Union tables opening proposal for comparability pay equity adjustments on a "great day for women"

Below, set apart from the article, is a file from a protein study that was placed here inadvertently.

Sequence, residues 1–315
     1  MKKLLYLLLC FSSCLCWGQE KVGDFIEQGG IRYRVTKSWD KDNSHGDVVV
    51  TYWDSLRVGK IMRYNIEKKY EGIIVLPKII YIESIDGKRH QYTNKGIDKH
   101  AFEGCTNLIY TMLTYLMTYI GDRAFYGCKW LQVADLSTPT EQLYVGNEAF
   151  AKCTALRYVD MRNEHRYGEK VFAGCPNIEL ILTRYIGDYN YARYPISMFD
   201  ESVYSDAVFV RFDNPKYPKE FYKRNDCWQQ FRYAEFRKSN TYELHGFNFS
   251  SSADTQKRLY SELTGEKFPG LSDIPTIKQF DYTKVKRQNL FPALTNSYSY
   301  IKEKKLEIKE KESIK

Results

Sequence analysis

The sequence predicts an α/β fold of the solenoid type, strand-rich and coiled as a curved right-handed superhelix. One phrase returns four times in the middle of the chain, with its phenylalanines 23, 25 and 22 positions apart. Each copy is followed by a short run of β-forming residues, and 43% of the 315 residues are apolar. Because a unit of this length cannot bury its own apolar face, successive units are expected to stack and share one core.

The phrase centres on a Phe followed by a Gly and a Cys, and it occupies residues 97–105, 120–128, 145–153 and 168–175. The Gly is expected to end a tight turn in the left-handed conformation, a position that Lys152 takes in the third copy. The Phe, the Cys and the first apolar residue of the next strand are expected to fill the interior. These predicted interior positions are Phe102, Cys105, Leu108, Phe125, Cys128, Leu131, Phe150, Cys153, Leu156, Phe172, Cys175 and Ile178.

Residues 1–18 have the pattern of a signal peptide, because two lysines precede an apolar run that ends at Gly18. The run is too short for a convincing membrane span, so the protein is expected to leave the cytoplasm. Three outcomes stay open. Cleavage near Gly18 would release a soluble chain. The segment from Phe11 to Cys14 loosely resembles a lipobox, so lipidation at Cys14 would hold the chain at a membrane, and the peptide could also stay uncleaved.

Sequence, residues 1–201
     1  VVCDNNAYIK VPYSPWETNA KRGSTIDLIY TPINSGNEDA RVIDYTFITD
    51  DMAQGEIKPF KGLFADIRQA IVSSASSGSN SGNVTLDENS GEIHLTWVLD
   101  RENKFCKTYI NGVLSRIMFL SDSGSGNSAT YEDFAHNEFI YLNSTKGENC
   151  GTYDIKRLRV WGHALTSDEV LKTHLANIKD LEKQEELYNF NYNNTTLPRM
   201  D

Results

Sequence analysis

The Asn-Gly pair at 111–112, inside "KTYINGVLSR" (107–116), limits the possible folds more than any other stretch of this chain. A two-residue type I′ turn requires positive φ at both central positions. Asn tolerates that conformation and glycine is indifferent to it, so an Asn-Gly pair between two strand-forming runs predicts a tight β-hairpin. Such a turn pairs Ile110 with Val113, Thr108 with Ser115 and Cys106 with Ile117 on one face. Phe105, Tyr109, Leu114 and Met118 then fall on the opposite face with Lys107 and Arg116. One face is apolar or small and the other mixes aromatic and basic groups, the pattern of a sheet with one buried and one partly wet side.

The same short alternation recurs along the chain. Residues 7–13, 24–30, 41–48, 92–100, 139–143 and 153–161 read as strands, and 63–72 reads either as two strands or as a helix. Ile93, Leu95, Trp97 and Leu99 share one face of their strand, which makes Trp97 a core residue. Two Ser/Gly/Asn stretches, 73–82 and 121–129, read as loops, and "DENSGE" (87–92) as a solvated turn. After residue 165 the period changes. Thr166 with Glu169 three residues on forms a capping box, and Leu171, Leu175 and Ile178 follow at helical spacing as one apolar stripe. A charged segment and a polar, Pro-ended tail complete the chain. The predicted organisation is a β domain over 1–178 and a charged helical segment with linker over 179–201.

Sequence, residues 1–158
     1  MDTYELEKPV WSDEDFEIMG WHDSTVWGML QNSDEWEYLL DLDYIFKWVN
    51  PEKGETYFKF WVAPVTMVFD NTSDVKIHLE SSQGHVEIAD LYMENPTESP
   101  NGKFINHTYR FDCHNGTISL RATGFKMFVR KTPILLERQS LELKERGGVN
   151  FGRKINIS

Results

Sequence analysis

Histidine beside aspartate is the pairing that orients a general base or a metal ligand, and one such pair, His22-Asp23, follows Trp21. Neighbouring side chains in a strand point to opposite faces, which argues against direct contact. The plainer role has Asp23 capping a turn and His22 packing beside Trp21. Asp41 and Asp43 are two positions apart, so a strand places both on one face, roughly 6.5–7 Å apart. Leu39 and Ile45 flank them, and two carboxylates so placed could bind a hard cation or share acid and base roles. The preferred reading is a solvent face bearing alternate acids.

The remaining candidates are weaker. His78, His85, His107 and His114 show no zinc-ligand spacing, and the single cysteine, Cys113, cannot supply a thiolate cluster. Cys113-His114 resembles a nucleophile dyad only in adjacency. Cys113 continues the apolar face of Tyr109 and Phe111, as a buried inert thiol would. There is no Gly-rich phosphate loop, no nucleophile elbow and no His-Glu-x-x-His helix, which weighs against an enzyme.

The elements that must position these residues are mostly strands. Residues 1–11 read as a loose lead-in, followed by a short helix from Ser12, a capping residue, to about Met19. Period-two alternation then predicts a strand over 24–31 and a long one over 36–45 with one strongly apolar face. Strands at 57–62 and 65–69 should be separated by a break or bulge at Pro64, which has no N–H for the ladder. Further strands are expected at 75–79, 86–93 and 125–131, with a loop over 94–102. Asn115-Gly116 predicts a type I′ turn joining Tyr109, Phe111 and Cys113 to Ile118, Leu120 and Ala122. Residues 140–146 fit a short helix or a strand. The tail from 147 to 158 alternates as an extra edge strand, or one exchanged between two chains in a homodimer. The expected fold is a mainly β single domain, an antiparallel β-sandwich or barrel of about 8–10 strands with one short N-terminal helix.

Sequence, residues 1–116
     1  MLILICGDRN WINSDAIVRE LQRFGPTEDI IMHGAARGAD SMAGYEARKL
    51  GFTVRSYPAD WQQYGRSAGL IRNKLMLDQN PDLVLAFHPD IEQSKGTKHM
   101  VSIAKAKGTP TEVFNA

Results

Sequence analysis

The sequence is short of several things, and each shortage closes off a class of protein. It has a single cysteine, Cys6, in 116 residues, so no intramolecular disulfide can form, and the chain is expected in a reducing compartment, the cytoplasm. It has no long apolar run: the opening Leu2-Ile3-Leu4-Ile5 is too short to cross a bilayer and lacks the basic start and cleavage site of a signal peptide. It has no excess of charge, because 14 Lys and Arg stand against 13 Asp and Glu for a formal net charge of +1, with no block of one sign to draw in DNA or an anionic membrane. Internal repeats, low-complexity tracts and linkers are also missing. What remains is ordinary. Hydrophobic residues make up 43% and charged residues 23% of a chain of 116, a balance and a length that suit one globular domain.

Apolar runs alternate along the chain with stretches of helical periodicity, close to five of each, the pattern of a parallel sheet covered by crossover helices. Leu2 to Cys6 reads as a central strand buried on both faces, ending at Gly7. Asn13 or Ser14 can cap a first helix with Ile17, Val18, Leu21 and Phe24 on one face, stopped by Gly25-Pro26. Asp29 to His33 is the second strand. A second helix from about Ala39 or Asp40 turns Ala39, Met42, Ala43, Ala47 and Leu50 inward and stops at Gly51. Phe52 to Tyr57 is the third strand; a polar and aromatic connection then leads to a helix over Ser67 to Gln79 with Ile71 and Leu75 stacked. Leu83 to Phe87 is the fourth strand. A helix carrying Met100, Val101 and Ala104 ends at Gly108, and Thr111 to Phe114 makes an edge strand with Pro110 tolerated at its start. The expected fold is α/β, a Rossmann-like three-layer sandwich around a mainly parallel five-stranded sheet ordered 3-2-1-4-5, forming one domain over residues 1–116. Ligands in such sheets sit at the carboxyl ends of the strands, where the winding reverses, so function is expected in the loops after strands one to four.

Follow lead of Chretien, end the delays and pay up, HEU urges health employers On the same momentous day the Chretien government reached a formal agreement to pay out more than $3.6 billion in long awaited equity adjustments for thousands of federal government employees, HEU tabled its first proposal on how to allocate almost $26 million in additional pay equity adjustments won by the union in arbitrator Stephen Kelleher's final decision on the issue of comparability of pay rates with BCGEU. Ottawa's decision to stop delaying and make good on its obligations to end wage discrimination in the federal civil service made Oct. 29 a "great day for women in Canada," says HEU secretary-business manager Chris Allnutt. And at the meeting with the Health Employers Association of B.C., HEU called on HEABC and the provincial government to follow suit, and urged employers to withdraw their appeal of Kelleher's Sept. 21 ruling. (There's still no word from the Labour Relations Board on how it will deal with HEABC's Oct. 8 appeal application.) In his historic ruling, Kelleher ordered employers to pay wage adjustments equal to three per cent of payroll, or $25.8 million a year, retroactive to April 1, 1996. The arbitrator also determined that adjustments be made to the target pay equity rates set out in the job value comparison plan covering HEU members in hospitals and long term care facilities across the province. The goal of HEU's opening proposal to implement the adjustments, says Allnutt, was to get as much money for as many members as possible. In a proposal broadened from the union's final written submission to Kelleher earlier this year, about 91 per cent of union members would be slated to receive adjustments. Meetings between the two sides are set to resume later in November, when HEABC will respond to the union's proposal, and make their own counter offer. In a letter of congratulations sent to Daryl Bean, the president of the Public Service Alliance of Canada, which spearheaded the lengthy struggle to eliminate wage discrimination within the federal government, HEU president Fred Muzin saluted the "tenacity and perseverance" of PSAC members who have earned a "well deserved victory" after their 16 year struggle. Meanwhile, HEU is buoyed by the results of a recent public opinion survey on pay equity issues related to our comparability victory. The poll shows thereís strong support for reducing the wait for HEU members to eliminate gender-based wage discrimination in health care, and equally strong support for special measures to reduce that wait, even if it means the government has to increase health care funding. Poll results are as follows: PAY EQUITY POLLING RESULTS 1. Currently there is a wage gap of up to 19 per cent between health care workers, who are primarily women, and government employees in similar occupations in other sectors. The provincial government and employers of health care workers have acknowledged this gender wage gap and have agreed to make annual pay equity adjustments to close the gap. Approximately how many years do you believe it should take to eliminate the age gap? 5 YEARS OR LESS - 68% 6 TO 10 YEARS - 21% 11 TO 15 YEARS - 3% LONGER - 2.3% (don't know - 7%) 2. Currently, many women health care workers will have to wait until 2020 to eliminate the wage gap. Do you agree or disagree that measures should be taken to reduce the wait? AGREE - 85% DISAGREE - 11% (don't know - 4%) Do you agree with reducing the wait to eliminate the wage gap even if it requires increased health care spending by government? YES - 83% NO - 10% (don't know - 7%)